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Coronavirus diary: 28-year-old survivor shares her terrifying symptoms over two weeks

Tobí Akingbadé battled coronavirus, and spent days in self-isolation

Hanna Fillingham

Journalist Tobí Akingbadé, 28, has survived coronavirus, having spent the last fortnight battling the illness, which saw her develop a dry cough, fever, and chronic fatigue, as well as body aches and breathing difficulties. Tobí has shared her account in a string of tweets online, revealing that during the worst stage of the disease, she couldn't hold her breath for more than two seconds. Luckily, she is now slowly on the mend, and has revealed that taking paracetamol and lots of fluids helped her during her battle, but that her smell and sense of taste – another common COVID-19 side effect – came back on day nine.

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VIDEO: Coronavirus - the effects on the body

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Tobí Akingbadé, 28, has documented her coronavirus symptoms

Day 1

I'd been informed that I was in contact with someone who had been in contact with someone with COVID-19. Nothing serious I told myself, but I decided to social distance anyway. Later I found out I'd been in direct contact with a confirmed case five days before.

Day 2

I develop a very dry cough. And a swollen gland I developed two days before Day 1 became very prominent. The cough was persistent making speaking for longer than 40 secs hard. I was extremely fatigued. I’m anaemic and well acquainted with tiredness but this was chronic.

Day 3

A good night's sleep did not help. My chest was painfully tight, at first I blamed work anxiety. I developed a fever (was hot and cold at the same time). I struggled to walk and my breathing became shallow and difficult. The muscles in my neck began to ache.

Day 4

Still with a fever and cough. On this day I became frightful of how my body would force itself to sleep. My breathing was worrying and I feared the worst. I called NHS 111 who confirmed my suspicions and instructed me to self-isolate in my room as I don't live alone.

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A persistent dry cough, temperature and shortness of breath are all signs of COVID-19

Day 5

I slept a lot. Keeping my eyes open was painful and a chore. I wore sunglasses to use my phone. The sunlight made my migraine worst. My body ached and my breathing became worse. Coughing didn't help. I could feel my lungs getting heavier, every breath got shorter.

Day 6

Painkillers did not stop the pain. Also, stockpiling trends meant even my pharmacist could not help. Was scared to sleep as my breathing was not improving. Could not hold my breath for more than two secs.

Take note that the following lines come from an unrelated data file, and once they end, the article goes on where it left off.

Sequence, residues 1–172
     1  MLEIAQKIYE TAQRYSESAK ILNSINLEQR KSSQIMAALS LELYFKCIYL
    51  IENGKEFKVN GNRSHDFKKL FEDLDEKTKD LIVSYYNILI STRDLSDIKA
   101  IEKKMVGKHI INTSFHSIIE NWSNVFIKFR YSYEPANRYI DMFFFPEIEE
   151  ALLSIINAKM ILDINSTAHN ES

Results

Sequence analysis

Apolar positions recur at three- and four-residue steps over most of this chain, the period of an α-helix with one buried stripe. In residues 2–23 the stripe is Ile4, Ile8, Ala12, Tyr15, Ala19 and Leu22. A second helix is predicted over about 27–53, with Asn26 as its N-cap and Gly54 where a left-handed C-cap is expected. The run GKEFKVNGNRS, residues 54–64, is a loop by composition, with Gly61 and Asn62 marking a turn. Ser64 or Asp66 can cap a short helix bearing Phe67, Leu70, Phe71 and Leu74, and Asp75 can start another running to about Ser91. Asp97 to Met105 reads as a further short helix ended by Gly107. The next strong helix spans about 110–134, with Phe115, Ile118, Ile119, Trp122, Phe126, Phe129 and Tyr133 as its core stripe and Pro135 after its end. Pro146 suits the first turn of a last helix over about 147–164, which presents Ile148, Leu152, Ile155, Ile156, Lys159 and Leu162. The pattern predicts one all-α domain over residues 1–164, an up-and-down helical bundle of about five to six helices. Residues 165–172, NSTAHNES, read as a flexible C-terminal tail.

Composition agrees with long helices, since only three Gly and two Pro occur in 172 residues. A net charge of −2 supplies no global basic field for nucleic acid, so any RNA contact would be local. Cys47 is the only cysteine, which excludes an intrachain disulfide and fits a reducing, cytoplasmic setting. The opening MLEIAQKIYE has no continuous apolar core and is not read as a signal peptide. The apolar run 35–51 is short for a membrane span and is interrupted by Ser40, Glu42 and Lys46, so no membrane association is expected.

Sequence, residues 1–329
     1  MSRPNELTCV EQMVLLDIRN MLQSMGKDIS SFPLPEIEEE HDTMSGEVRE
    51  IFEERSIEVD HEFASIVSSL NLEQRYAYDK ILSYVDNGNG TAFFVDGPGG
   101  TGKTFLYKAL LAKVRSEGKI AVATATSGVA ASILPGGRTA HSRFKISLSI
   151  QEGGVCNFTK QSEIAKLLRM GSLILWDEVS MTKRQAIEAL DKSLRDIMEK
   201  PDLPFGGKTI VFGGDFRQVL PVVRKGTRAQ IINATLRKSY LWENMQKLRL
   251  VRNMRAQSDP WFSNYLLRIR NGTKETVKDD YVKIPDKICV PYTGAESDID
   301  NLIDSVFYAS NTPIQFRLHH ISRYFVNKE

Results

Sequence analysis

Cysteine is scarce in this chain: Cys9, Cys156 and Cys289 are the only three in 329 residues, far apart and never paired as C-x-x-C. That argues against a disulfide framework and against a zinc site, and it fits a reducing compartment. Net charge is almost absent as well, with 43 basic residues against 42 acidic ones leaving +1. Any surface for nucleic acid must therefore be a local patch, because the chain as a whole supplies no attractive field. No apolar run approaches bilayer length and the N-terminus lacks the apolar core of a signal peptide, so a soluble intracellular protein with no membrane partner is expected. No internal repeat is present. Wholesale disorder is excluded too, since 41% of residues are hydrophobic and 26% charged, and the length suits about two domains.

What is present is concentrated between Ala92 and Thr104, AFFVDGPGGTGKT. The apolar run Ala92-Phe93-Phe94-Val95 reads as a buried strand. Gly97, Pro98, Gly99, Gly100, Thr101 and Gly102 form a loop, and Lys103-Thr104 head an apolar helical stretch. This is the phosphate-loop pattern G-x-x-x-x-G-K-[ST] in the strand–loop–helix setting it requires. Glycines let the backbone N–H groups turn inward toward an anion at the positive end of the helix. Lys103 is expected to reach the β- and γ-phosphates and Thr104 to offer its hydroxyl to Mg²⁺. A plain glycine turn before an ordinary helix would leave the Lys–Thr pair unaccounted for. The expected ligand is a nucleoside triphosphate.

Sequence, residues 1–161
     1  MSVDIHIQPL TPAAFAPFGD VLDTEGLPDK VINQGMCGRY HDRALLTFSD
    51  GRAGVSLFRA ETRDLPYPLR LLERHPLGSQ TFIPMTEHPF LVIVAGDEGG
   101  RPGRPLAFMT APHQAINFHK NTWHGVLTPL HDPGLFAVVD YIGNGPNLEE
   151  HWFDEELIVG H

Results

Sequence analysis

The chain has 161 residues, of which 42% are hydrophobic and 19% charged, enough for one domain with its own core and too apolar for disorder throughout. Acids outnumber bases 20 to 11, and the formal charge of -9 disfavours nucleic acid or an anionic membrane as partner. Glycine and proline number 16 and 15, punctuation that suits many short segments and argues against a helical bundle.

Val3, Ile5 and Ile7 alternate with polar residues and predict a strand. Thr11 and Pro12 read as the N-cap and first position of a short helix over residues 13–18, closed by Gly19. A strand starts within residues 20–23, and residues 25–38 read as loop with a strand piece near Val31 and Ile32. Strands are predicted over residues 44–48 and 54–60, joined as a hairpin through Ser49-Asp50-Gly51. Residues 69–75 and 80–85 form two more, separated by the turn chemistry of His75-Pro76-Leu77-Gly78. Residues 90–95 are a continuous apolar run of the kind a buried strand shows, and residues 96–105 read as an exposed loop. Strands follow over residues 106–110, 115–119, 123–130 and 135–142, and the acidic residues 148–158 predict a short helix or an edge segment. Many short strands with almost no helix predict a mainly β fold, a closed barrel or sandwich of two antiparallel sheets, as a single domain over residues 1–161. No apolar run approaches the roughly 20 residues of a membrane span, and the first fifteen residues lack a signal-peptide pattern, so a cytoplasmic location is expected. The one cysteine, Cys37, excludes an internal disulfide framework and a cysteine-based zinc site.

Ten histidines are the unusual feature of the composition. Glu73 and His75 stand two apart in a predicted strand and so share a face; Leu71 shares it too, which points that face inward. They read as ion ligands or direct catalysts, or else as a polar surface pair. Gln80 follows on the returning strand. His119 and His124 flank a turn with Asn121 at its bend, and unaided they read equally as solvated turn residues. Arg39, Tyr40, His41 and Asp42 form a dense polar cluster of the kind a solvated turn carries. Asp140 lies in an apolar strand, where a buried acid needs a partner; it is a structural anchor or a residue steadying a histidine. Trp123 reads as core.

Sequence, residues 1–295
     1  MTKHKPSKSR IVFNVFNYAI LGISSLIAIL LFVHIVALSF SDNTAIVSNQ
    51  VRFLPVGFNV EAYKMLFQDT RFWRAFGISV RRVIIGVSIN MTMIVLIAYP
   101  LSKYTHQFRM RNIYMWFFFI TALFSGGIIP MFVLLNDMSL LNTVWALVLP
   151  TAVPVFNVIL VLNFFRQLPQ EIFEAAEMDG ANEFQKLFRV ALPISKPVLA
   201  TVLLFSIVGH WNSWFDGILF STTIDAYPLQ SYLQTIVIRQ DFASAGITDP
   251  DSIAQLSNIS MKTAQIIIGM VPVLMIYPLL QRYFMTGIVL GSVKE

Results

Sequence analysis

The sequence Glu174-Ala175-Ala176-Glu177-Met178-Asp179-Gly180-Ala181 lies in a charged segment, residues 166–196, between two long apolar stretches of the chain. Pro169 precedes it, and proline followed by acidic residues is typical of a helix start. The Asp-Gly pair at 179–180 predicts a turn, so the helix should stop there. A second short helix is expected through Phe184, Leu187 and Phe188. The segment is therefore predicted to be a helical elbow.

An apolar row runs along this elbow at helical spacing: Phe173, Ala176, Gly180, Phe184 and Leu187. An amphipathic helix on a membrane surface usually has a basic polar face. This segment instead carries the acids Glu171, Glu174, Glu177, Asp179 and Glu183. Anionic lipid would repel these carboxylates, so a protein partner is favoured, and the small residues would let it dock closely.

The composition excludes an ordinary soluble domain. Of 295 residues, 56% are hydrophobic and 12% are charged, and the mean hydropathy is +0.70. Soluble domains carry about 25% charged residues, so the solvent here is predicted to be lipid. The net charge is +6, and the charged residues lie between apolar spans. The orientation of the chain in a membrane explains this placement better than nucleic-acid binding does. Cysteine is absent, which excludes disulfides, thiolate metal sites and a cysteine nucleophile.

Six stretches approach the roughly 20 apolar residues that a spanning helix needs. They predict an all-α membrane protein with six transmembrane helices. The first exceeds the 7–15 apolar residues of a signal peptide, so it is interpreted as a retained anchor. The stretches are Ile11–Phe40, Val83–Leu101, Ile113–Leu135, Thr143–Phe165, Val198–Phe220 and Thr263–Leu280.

Day 7

I became alarmed when I noticed I lost the ability to taste food. Nearly passed out brushing my teeth as it was obstructing my breathing. NHS were too overstretched to help. At this point I was begging God, I didn’t want to die this way.

Day 8

Twitter said that running a humid shower would help breathing. It did for me. I drew my curtains for the 1st time, still needed sunglasses. Body aches stopped. Migraine not so persistent. Coughed less but it was a nauseous and brought up yellowy phlegm from my lungs. Still breathless from just sitting up, sharp pains in my chest but migraine improved. Body temperature back to normal. Coughed about twice a day. Found the strength to find hope.

Days 9-12

Saw improvements slowly. Was able to hold my breath for eight secs now. Slept less, was able to WFH at times. Called NHS again due to a scare with breathing, unable to get medical assistance but the problem solved itself. Became physically restless on Day 11.

READ: NHS staff in London are gifted electric bikes for free

Day 13

Walked down the stairs for the first time. Thanked God and walked around my garden. Wasn’t sure I’d remember what fresh air would feel like.

Tobí added: "I know the staff at NHS did everything they could for me with the limited resources they had. On a normal day, I would have been accepted into A&E. It was touch and go. Also, I was not tested. I've lost several days of my life to this illness. Many others have lost their lives. You can do your part by staying at home, stop joking around and take it seriously. I'm a healthy 28-year-old & it hit me hard. I’m grateful to have recovered but I will continue to do my part."

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